TURNER — A Pennsylvania egg producer with a farm in Turner has been accused of gouging prices to the tune of $4 million amid the coronavirus crisis earlier in the year. 

Authorities in New York have accused Hillandale Farms of doubling, tripling and quadrupling prices as demand soared during the early days of the pandemic. 

The lawsuit, filed by New York Attorney General Letitia James, said Hillandale had no motivation other than greed to jack up its prices when the country began to panic over COVID-19 at the start of the year. 

The lawsuit focuses specifically on gouging in New York, where prosecutors allege that panicked shoppers were forced to pay ridiculously high prices for eggs. 

“Hillandale’s conduct has wrought great damage upon consumers in New York,” according to the suit. “Hillandale has sold over 4 million cartons of price-gouged eggs in New York, causing hundreds of thousands, if not millions, of New York consumers . . . to pay sharply increased prices of eggs purchased at retail.” 

Hillandale, which has been known to donate eggs to area food banks in previous years out of its farm in Turner, has denied the accusations. If there were price hikes in the egg market, company officials said, it was due to disruptions to the economy as a result of COVID-19. 

“We are a family-owned and operated business that has been selling eggs since the late 1950s,” the company said in a statement issued in response to the suit. “As one of the larger egg producers in the country, we — including our more than 1,500 employees — take great pride in the quality of our products and the integrity of our operations. We were shocked and dismayed to learn of the New York Attorney General’s lawsuit. 

“The COVID-19 pandemic caused a massive disruption in every sector of the economy, including the egg industry,” the statement continues. “As retail demand for eggs reached historically high levels earlier this year, our dedicated personnel rose to the challenge and worked tirelessly to meet that demand through the most consistent production and delivery measures possible. We wanted to be sure that eggs would remain on store shelves for customers in New York and other markets.”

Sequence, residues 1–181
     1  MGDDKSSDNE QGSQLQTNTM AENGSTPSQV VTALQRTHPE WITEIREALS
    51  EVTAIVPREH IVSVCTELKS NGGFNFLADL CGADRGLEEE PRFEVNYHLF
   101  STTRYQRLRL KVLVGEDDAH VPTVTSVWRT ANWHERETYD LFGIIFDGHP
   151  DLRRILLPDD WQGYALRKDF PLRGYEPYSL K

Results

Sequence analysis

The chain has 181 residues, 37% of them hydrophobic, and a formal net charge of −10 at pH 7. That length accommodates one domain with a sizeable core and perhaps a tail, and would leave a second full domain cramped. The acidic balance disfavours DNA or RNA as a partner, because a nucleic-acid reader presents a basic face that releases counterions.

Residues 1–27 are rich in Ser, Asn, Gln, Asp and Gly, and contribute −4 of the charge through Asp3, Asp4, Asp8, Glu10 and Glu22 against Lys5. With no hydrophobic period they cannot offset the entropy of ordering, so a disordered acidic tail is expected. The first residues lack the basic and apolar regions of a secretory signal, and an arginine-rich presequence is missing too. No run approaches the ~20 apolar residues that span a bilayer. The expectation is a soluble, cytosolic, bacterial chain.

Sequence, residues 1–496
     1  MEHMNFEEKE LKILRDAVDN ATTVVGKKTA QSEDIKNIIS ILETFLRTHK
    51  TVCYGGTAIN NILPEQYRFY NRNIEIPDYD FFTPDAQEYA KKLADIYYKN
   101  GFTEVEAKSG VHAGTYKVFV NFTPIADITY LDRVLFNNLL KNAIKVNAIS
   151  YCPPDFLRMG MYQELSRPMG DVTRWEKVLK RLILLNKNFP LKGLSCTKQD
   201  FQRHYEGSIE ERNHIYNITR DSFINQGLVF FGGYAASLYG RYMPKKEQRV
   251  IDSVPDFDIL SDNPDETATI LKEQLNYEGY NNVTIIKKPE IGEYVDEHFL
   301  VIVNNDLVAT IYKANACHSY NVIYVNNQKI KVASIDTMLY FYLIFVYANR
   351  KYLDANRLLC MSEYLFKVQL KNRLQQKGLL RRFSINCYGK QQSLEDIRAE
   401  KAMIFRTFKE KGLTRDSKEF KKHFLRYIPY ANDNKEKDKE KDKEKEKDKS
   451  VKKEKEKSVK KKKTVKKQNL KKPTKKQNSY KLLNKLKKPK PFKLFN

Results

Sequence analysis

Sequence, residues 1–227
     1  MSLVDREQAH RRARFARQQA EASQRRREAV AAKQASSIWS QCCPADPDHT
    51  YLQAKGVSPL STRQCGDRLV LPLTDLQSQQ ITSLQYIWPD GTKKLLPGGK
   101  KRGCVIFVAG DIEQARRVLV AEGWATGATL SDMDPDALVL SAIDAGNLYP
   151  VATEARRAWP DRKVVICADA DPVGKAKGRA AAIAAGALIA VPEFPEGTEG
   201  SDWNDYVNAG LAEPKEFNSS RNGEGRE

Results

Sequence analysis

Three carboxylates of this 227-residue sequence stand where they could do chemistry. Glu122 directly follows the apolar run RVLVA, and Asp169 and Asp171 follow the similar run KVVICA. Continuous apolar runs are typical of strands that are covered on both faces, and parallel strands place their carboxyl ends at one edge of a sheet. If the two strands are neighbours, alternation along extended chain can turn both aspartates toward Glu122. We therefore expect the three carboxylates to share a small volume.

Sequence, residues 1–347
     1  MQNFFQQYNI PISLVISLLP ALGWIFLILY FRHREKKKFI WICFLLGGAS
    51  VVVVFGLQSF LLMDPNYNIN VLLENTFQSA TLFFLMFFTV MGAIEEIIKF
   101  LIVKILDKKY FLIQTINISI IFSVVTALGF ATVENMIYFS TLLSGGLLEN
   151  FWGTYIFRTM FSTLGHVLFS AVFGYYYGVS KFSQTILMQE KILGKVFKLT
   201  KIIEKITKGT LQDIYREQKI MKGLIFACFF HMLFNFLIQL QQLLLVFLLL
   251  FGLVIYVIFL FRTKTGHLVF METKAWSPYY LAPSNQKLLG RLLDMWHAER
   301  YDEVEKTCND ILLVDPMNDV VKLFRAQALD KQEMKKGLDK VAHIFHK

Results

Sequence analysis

According  to the lawsuit, between January and early March, Hillandale was charging buyers between 59 cents and $1.10 for a dozen eggs. But the company hiked the price to $1.49 on March 15, just two days after the U.S. declared a national emergency due to the virus, and the price soared to $2.93 a dozen by the end of the month. Prices did not return to normal until May, according to the suit. 

Hillandale produces eggs at factory farms in Pennsylvania, Connecticut, Maine and Iowa. The company moved into facilities in Turner in 2015 after taking control of the former DeCoster Egg Farm. 

The lawsuit asks that Hillandale be ordered to provide an accounting of its egg sales between late winter of 2019 until the present date. It also asks that Hillandale be forced to forfeit profits made through alleged gouging and that they be fined a civil penalty of $25,000. 

“We are prepared to defend against these allegations in court, if necessary,” Hillandale wrote in its statement. “Regardless, we will continue to focus on our goals of producing quality eggs at fair prices, humanely caring for our chickens, treating our employees well, and maintaining our more than 60-year reputation of integrity within the food industry.” 

An aerial photo of Hillandale Farms operation in Turner. Russ Dillingham/Sun Journal Buy this Photo

Comments are not available on this story.